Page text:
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'Joy Luck' Author Remembers Mama

TELLURIDE, Colo. So here she was, a best-selling author who hardly ever goes to the movies, in the middle of a film festival and promoting a movie. Amy Tan confessed she was having a good time. The author of The Joy Luck Club, one of the most popular novels of recent years, was here for the premiere of the film version of her story.

"I don't think I've averaged seeing one movie a year," she said, almost blushing. "And then it would be a movie on an airplane. I've gotten better since I got involved in this movie, though. I go to the movies quite a lot now, by my standards. But I would still rather spend my time reading and writing."

Her book was written, she said, in an attempt to understand her mother, who came to the United States from China. "All of my life, there were things I didn't understand about my relationship with my mother. We had grown apart. I thought I'd lost it. I made an effort to write stories, imagining to myself what she was really trying to say. For example, my mother always said her mother was the first wife of a rich man. But my grandmother killed herself. I couldn't understand why she would have done that, and so in writing the novel I made her the fourth wife, to give her a reason. When my mother read the book, she asked, 'How did you know your grandmother was really the fourth wife?' "

"The Joy Luck Club," directed by Wayne Wang and scheduled for nationwide release Friday, tells the fictionalized stories of Tan and her mother, and three other mother-daughter pairs. In each case, the mothers came from great hardship and suffering in pre-revolutionary China, and their Americanized daughters had difficulty in understanding what they had gone through. The movie, which moves effortlessly from present to the past, is deeply moving. And although most of the characters are Chinese, all of the emotions are universal.

Tan was sitting upstairs at the little Excelsior Cafe, across the street from the Nugget Theater, where her film had just played, having brunch with her husband, Lou DeMattei, and her co-screenwriter, Ron Bass.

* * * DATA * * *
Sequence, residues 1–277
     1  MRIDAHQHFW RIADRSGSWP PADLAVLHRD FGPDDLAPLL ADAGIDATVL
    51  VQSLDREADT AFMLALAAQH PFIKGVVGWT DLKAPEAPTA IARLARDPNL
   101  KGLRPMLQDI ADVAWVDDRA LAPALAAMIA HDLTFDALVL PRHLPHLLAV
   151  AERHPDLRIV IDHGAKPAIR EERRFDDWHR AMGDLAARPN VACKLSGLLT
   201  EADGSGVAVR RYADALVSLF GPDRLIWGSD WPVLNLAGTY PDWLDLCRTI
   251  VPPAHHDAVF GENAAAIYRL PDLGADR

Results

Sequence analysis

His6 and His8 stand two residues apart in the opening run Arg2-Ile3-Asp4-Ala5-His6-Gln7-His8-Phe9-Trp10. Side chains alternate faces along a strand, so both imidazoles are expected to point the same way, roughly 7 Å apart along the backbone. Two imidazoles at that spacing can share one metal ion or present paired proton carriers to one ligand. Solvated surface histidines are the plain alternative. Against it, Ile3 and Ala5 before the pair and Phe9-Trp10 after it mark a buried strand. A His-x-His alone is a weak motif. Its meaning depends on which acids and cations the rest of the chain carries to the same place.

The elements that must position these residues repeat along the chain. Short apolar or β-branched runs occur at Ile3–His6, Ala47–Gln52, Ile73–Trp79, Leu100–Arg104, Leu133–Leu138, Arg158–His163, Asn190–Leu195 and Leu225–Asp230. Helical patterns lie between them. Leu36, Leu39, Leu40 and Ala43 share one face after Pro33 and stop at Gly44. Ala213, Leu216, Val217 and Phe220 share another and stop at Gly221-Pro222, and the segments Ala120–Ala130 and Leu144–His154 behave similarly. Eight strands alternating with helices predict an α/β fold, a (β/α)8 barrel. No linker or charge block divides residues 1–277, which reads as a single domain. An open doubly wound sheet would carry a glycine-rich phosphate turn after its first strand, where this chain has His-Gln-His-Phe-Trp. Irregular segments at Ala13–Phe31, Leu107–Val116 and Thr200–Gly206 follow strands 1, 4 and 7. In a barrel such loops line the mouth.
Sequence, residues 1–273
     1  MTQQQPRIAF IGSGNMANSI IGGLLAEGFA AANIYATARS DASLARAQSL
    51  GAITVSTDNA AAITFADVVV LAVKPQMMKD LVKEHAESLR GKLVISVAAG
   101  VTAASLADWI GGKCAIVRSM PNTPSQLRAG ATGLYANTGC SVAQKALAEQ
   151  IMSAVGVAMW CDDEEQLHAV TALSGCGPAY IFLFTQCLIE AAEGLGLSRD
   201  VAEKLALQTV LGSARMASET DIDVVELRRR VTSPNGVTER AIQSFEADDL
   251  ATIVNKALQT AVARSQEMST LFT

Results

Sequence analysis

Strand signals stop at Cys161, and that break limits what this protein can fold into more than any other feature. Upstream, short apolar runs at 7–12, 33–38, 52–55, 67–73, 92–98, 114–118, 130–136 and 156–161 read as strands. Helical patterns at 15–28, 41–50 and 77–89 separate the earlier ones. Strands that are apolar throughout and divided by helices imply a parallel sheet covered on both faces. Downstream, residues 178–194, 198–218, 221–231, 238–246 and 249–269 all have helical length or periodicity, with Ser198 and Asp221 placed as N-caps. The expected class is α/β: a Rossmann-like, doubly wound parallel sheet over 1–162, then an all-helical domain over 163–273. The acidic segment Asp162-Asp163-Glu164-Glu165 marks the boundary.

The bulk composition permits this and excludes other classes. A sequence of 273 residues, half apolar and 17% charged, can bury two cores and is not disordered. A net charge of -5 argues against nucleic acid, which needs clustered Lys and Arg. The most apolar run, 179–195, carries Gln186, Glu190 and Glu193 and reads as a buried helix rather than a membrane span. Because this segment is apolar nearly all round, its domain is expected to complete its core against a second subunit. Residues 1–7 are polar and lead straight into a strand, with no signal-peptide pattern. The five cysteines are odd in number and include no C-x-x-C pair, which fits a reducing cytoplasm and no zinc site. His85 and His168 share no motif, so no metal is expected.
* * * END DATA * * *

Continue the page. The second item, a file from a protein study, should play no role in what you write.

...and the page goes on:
"When I started talking about the script with Ron and Wayne, Ron told me, 'Well, there isn't a part in here for Julia.' And I asked, 'Julia who?' And he told me, 'Julia Roberts.' And I said, 'Who's she?' That's how much I knew about the movies."

For Bass, whose writing credits include the Julia Roberts film "Sleeping with the Enemy," as well as "Rain Man," the answer was refreshing. Together they were going to write an epic film about four families, and the cost was going to be only about $11 million - less than half the average Hollywood film. That's not a whole lot more than Julia Roberts' salary.

The story of Tan's novel is by now well known: How she was a San Francisco advertising copywriter whose first book began slowly in the stores but then became a long-running best seller. The rights were purchased by Disney, which enforced its well-known budget frugality but otherwise left Wang, Tan and Bass alone as they brought the book's many stories to the screen. Much of the movie was shot in China, showing in deep emotional detail the experiences that helped to shape the four "aunties" of the Joy Luck Club - four women who meet weekly to play Mah Jong, and whose values and memories can hardly be understood by their Americanized children.

In China, Tan said, her novel has been translated in three or four different editions, "but the Chinese are interested in the other side of the stories. They're used to seeing tragedies. What they're interested in is life in America for a Chinese person."

And for her mother, Tan said, the film's Los Angeles premiere was quite an experience: "It was hosted by Annette Bening. My mother wanted to know who she was. I mentioned some movies but she had never heard of them. I said she was married to Warren Beatty. 'Ah!' my mother said. 'Shirley MacLaine's brother! I like her books! That woman, she has a very important sister-in-law."

Her mother said something else, Tan said. "All of my life, my mother would look at me and sigh, 'What did I do to deserve such a daughter?' And she would have a kind of tragic look. After the first screening, she said, 'What did I do to deserve such a daughter?' But this time she said it differently."

Roger Ebert

Roger Ebert was the film critic of the Chicago Sun-Times from 1967 until his death in 2013. In 1975, he won the Pulitzer Prize for distinguished criticism.

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